While mace can be used in sweet dishes similar to nutmeg, this spice really shines in savory dishes. It’s often used in spice blends for flavoring meat dishes, stews, curries, savory sauces, homemade pickles, and is a common ingredient in Indian cuisine.
Obviously, in things like baked goods and roast meats, the mace is added at the beginning, along with all the other ingredients. Mace can be used much like nutmeg would in things like cakes, scones, and spice cookies. It can also be used in curries, soups, cream sauces, roasts, and a range of other ingredients.
Nutmeg and mace are commonly used spices in foods. It is POSSIBLY UNSAFE to take nutmeg and mace in doses larger than amounts found in foods and for long periods of time. Long-term use of nutmeg ...
Mace spice nutrition facts Mace spice is a dried, outer aril, enveloping firmly around the nutmeg kernel. Nutmeg kernel and mace arils indeed are two separate spice products of same nutmeg fruit. However, spice-mace has characteristically composed higher concentration of certain essential oils and features refined, yet more intense aroma than nutmeg.
An aromatic golden brown spice obtained from the dried aril (net-like sheath) which covers the Nutmeg seed, Myristica fragrans Houtt. Mace is yellowish-tan to reddish-tan in color, made up of flat, hornlike, shiny branched pieces with a fragrant, nutmeglike aromatic odor and warm taste. Mace and nutmeg are from the same tree, a large evergreen tree native to the Moluccas Islands and the East ...
Spice. Nutmeg and mace have similar sensory qualities, with nutmeg having a slightly sweeter and mace a more delicate flavour. Mace is often preferred in light dishes for the bright orange, saffron-like hue it imparts. Nutmeg is used for flavouring many dishes, and nowadays is mostly found in Western supermarkets in ground or grated form.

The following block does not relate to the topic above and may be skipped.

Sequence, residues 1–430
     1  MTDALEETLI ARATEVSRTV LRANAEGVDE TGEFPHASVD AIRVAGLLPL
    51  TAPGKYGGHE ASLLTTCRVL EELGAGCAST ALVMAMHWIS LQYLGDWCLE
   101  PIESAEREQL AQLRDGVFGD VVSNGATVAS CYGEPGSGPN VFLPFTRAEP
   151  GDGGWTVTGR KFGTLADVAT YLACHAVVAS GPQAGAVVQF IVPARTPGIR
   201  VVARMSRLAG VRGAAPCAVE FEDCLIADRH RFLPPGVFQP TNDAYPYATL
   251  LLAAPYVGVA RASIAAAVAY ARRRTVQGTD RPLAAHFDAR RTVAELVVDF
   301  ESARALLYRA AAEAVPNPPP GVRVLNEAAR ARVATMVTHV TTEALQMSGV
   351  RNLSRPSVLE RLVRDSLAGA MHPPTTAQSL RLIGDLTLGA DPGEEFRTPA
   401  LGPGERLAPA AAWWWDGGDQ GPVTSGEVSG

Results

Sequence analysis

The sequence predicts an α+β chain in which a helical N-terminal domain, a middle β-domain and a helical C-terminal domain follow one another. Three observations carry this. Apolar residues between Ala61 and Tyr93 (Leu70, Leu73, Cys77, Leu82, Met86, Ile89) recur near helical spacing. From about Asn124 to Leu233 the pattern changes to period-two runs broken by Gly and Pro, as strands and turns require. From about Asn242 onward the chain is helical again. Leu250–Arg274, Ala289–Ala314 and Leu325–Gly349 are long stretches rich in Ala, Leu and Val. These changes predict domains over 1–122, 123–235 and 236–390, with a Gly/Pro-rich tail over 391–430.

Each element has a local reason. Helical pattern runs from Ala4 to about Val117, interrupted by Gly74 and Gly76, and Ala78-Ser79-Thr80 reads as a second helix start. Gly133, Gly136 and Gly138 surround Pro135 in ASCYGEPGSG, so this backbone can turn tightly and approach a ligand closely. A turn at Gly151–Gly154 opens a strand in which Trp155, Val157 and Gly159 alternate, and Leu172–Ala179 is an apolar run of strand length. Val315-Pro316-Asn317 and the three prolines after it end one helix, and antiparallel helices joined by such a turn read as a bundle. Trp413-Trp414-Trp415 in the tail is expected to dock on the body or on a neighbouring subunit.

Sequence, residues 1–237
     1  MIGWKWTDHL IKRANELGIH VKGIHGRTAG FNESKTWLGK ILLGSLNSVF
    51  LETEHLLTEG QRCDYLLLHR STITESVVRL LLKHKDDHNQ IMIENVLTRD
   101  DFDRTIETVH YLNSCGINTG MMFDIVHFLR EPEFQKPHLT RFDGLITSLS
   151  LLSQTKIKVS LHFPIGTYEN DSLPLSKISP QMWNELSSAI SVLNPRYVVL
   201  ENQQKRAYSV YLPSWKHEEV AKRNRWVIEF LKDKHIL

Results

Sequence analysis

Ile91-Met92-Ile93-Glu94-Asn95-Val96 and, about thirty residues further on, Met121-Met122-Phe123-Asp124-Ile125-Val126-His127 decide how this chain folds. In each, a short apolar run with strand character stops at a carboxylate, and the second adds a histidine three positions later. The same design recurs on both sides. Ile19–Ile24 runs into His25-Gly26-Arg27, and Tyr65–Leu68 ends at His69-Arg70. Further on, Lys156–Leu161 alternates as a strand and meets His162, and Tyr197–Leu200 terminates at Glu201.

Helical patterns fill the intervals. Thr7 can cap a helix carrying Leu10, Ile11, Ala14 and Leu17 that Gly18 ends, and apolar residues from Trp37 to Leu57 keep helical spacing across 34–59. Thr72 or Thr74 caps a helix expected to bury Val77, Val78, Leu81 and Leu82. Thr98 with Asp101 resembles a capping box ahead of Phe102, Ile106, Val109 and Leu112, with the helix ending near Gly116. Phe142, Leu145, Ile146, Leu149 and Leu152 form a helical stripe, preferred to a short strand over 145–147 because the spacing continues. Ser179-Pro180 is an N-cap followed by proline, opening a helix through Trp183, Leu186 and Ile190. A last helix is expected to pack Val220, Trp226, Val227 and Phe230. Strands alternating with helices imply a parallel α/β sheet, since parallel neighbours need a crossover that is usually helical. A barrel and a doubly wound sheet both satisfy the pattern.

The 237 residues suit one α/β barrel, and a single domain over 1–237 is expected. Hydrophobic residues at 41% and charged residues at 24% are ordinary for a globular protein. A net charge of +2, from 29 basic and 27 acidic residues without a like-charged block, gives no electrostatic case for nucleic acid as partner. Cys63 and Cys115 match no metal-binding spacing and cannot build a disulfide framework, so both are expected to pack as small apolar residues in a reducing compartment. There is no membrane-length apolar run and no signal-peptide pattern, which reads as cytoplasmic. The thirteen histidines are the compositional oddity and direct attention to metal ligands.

Health benefits of Mace Spice. Much like nutmeg, mace is in fact the bright, red webbing which surrounds the pit of the nutmeg fruit. It is usually eliminated, dried, and after that ground in to a powder which tastes much like nutmeg, yet a little more bitter having a hint of pepper.
Mace isn't a spice that you use every day, and it tends to be a bit pricey. When you come across a recipe that calls for it, save yourself some cash and cupboard space by using one of these substitutes in its place. Possible mace substitutes include nutmeg, allspice, cinnamon, ginger or pumpkin pie spice. It all depends on the recipe, and how ...
Mace doesn't get much love anymore, which is a big shame. In the golden age of the spice trade, mace strode across the skin of the world just like its cousin nutmeg. But it seems the modern age only has room for one magical sweet spice that seems to go with everything, and mace lost. Let's fix that.
The color of the spice can often help you determine the origin of mace. While orange-red blades tend to be from Indonesia, orange-yellow blades most likely come from Grenada, where mace is the national symbol and proudly emblazoned on the country's red, yellow, and green flag.